I’m often asked why authors, particularly novelists, should bother with an email list. Aren’t email lists just for nonfiction writers or Internet marketers with something to sell? Novelists are trying to get readers involved with the worlds that they create, and to care about the characters who populate those worlds.
In other words, they really want people to get engaged with their writing.
This gives you a hint about why email lists can be really effective for writers who are trying to find readers. It’s all related to the level of engagement that exists with your readers.
In the book business readers sometimes become fans, anxious for more involvement with the author of a book that’s made a big impression on them and looking forward to more books from the same author.
Online, it’s also common for fans to become readers. Someone who encounters you on Twitter or by reading your blog may become sufficiently intrigued by your writing to buy your book. So this process goes both ways.
Since you are marketing online, your aim is twofold:
- Attract people who may be interested in your ideas, your writing, or your solutions to problems.
- Inspire enough trust and interest in a percentage of those people that they are moved to buy your book, your service or your product.
Sounds pretty simple, doesn’t it?
Where the Email List Comes Into Play
Think about this process from the point of view of levels of engagement. Let’s plot it out:
- A reader notices your name on someone else’s blog or in an article. They become aware of you and perhaps the name or genre of your book, but they have no engagement with you.
- They decide to click a link and are now on your blog or website. They might stay and read if something looks interesting, or they may bounce right off. They have engaged with you but at a very low level.
- Perhaps they find something on your site, like an article, a great “About” page, or a sample chapter from your book that they really like. They decide to come back and visit again. This is a higher level of engagement. They will remember you and perhaps come back.
- Either the first piece of content they saw or repeated exposure to your writing makes them want to stay connected in a world where it’s all too easy to lose track of a link you put aside for later. They subscribe to your blog through the RSS feed or an email subscription. This is a much higher level of engagement, and we’re starting to get into the range where this person has given you “permission” to keep sending them the content they are enjoying. At this point you have something of a relationship, although mostly a one-sided one.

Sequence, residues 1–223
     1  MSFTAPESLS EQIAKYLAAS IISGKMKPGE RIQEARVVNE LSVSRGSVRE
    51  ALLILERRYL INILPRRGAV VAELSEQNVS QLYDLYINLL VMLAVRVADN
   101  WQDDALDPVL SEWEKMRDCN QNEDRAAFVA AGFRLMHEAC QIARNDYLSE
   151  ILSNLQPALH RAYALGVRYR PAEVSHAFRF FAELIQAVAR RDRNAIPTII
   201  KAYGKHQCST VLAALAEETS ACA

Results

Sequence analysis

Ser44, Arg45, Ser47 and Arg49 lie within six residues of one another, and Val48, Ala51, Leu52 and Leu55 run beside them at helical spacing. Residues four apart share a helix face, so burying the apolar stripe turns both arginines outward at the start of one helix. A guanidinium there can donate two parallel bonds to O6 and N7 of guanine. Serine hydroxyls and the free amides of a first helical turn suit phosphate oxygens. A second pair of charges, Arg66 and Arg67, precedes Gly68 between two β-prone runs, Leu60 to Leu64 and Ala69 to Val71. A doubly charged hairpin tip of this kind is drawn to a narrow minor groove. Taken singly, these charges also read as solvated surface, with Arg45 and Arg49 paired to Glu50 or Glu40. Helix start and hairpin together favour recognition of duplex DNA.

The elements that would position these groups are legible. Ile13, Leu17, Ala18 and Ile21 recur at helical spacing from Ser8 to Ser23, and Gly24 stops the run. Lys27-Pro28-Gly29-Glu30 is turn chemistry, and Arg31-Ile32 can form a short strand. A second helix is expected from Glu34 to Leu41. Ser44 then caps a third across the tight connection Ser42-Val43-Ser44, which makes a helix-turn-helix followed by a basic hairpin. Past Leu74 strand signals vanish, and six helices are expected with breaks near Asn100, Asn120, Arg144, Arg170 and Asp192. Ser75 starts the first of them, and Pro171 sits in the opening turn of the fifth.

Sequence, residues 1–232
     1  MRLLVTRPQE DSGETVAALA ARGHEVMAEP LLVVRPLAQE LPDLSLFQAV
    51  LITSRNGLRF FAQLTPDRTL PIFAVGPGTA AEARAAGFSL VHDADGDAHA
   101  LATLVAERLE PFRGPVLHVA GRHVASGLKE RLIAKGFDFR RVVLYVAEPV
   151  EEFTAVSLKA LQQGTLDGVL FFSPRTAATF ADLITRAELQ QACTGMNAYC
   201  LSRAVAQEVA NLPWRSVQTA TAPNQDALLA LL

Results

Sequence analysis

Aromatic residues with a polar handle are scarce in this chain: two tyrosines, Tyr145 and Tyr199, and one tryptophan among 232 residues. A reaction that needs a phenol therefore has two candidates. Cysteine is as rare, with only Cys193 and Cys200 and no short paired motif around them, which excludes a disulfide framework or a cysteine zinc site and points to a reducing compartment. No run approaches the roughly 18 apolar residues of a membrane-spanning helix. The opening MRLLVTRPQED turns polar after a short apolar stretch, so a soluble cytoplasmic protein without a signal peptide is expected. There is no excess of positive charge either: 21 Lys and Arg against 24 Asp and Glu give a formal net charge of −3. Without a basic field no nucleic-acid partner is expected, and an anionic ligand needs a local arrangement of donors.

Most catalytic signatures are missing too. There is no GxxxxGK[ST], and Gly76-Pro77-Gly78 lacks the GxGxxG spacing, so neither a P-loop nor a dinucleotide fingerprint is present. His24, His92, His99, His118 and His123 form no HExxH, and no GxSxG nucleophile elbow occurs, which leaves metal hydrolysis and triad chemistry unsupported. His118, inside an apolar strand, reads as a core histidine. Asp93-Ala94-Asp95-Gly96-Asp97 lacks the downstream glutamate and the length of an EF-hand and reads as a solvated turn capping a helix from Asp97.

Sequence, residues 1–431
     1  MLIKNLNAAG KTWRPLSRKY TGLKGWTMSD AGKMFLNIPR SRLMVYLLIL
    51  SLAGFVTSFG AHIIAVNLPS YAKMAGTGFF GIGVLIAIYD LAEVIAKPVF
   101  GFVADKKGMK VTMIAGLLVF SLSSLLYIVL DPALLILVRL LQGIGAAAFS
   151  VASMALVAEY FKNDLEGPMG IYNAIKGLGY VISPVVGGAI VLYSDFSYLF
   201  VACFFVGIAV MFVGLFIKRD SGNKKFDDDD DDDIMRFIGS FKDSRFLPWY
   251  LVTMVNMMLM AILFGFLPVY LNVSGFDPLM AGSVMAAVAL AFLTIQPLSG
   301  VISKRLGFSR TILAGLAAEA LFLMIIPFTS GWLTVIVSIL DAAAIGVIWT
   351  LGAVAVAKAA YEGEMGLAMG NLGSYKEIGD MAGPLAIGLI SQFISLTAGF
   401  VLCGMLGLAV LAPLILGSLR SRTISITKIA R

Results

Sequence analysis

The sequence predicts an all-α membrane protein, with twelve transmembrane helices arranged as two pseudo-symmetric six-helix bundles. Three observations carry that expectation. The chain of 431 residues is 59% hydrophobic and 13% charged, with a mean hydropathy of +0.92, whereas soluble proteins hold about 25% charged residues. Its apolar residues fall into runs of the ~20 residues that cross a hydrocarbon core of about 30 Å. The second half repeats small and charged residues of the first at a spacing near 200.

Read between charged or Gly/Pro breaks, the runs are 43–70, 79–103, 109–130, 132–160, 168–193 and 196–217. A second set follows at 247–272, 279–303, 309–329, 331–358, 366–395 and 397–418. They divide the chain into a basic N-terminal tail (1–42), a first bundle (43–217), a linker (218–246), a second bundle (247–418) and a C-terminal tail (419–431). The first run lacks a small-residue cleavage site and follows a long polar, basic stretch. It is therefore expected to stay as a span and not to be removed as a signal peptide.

- The reader realizes that you have a lot to offer to them. Looking for a way to stay connected or to get a special piece of content you are offering, they opt into your email list. You are now at a high level of engagement. Granting someone access to your inbox is an act of trust and hope. Now you can take your relationship to a higher level, since you can interact with your subscriber more intimately.
If you didn’t have an email opt-in available, you would never get to this level of engagement with readers. You can answer blog comments, but how many do you get? You can guest post, run ads, write for magazines, but they all pale in comparison to the immediacy of a permission-based relationship in which you are invited to send email to your reader.
Even if you never use your email list to attempt to make book sales, the ongoing communication you have with the subscribers to your list is in itself a force that helps to cement your relationship with readers and fans.
Your email list: a way to hold out a hand to the people who most want to stay connected to you & your work—Click to Tweet
So if you don’t have an email opt-in form on your blog or website, put one up this month. It’s not hard to do, and there are many services that will help you get started. But do it. It’s a way of holding out a welcoming hand to the people who most want to stay connected to you and your work.
Originally published as Levels of Engagement, or Why Authors Need an Email List on Dana Lynn Smith’s blog The Savvy Book Marketer.